AWS Nitro Enclave Cryptographic Attestation with Cape Privacy

  • Justin Patriquin
    Justin Patriquin@PatriquinJustin
The attestation process during cape run.

Attestation is a feature provided by enclaves to help verify that the user is communicating with a known enclave. Using hashing algorithms and public key cryptography, the user is able to verify that the enclave is the enclave they are expecting and create a secure channel of communication. AWS Nitro Enclaves provide platform configuration registers (PCRs) which contain hexadecimal values that help the user determine exactly what is running inside the enclave. These hexadecimal values are hashes of the software running inside the enclave, as well as hashes of the certificate that signed the software.

We will use the Cape CLI and running a function on Cape as an example. Attestation will work exactly the same way with any SDK provided by Cape. Only what happens after attestation will be different. When a user runs the command `cape run <ID> -f input`, the CLI begins the step-by-step process of bootstrapping a secure connection with the enclave. The first step in this process is establishing a websocket connection with the enclave. During this step, the CLI sends an authentication token that can be validated by the enclave to confirm the identity of the caller. After this the enclave returns the attestation document back to the client. The first thing the CLI does is decode the message, then extracts the certificate stored on the payload to verify that that certificate signed the message. To be able to trust this certificate, the CLI must also validate the certificate chain against the AWS Nitro Enclave root certificate. After these two steps the CLI has confirmed that it is correctly communicating with an enclave running in the AWS Nitro Enclave service.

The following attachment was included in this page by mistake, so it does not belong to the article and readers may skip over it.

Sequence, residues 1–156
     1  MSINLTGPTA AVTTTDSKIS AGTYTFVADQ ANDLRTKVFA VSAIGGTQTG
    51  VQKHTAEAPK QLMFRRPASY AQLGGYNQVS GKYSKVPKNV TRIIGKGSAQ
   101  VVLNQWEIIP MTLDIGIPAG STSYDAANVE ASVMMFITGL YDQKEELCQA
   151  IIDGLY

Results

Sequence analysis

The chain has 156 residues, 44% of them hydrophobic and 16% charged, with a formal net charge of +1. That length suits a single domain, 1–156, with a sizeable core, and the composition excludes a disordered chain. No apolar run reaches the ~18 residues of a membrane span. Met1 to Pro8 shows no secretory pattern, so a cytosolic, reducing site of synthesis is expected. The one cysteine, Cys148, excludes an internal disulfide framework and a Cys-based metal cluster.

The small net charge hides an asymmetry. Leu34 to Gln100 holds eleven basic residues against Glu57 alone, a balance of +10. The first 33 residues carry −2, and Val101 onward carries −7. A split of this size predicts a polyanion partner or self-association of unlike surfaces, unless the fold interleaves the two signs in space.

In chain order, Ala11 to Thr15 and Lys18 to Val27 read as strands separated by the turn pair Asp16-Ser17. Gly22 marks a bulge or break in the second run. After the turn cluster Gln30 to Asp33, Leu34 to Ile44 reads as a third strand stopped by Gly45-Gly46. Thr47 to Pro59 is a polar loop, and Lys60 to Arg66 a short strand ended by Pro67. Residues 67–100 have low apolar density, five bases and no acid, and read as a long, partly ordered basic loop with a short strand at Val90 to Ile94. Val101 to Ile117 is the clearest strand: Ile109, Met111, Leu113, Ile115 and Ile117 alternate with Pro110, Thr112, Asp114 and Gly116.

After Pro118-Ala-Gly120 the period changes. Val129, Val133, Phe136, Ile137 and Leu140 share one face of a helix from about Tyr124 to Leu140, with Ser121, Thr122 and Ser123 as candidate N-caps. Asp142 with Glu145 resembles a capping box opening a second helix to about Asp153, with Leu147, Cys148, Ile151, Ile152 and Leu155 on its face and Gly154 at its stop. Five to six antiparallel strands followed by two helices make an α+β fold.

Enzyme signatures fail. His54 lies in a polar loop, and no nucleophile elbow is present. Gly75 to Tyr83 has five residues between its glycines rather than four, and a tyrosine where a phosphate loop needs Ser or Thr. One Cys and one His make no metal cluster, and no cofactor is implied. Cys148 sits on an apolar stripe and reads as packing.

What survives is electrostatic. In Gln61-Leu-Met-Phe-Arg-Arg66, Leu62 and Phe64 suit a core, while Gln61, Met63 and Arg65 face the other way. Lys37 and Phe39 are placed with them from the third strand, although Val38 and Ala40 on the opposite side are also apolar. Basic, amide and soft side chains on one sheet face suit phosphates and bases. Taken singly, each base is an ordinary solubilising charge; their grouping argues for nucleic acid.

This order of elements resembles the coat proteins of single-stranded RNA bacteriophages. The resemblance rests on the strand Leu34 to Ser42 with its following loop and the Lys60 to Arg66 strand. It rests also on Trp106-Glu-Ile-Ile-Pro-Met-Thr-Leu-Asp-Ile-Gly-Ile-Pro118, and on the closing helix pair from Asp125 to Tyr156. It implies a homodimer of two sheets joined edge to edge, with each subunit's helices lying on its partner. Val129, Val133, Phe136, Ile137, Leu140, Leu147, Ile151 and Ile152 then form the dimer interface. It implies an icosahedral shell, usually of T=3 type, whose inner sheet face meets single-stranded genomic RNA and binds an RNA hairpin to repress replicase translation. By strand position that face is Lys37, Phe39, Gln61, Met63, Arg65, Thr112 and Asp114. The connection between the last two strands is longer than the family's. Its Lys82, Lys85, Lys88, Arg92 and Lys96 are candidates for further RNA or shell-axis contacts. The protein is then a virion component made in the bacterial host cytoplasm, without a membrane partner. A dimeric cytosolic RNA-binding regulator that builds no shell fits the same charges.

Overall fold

The attestation process during cape run.

For further confirmation that the CLI is communicating with the Cape software, it needs to validate that the PCRs returned in the attestation document match expected values. We provide access to the enclave image files (EIFs) that we run in the enclave. These can be downloaded, inspected, and the PCRs can be directly extracted from them. These PCRs can then be used to compare with the PCRs that are returned during attestation. We provide a CLI command called `cape get-pcrs` that extracts the PCRs from the latest version of the Cape EIF. These can then be passed to any of the Cape features (i.e. run, deploy, encrypt) to additionally verify the PCRs.

After the attestation there is a secure channel open between the client and the enclave which is an end to end TLS connection. For further protection, the CLI automatically uses the public key sent in the attestation document to encrypt input data that only the enclave can decrypt.

Check out the Getting Started Docs to try Cape for free. We’d love to hear what you think.

Share this post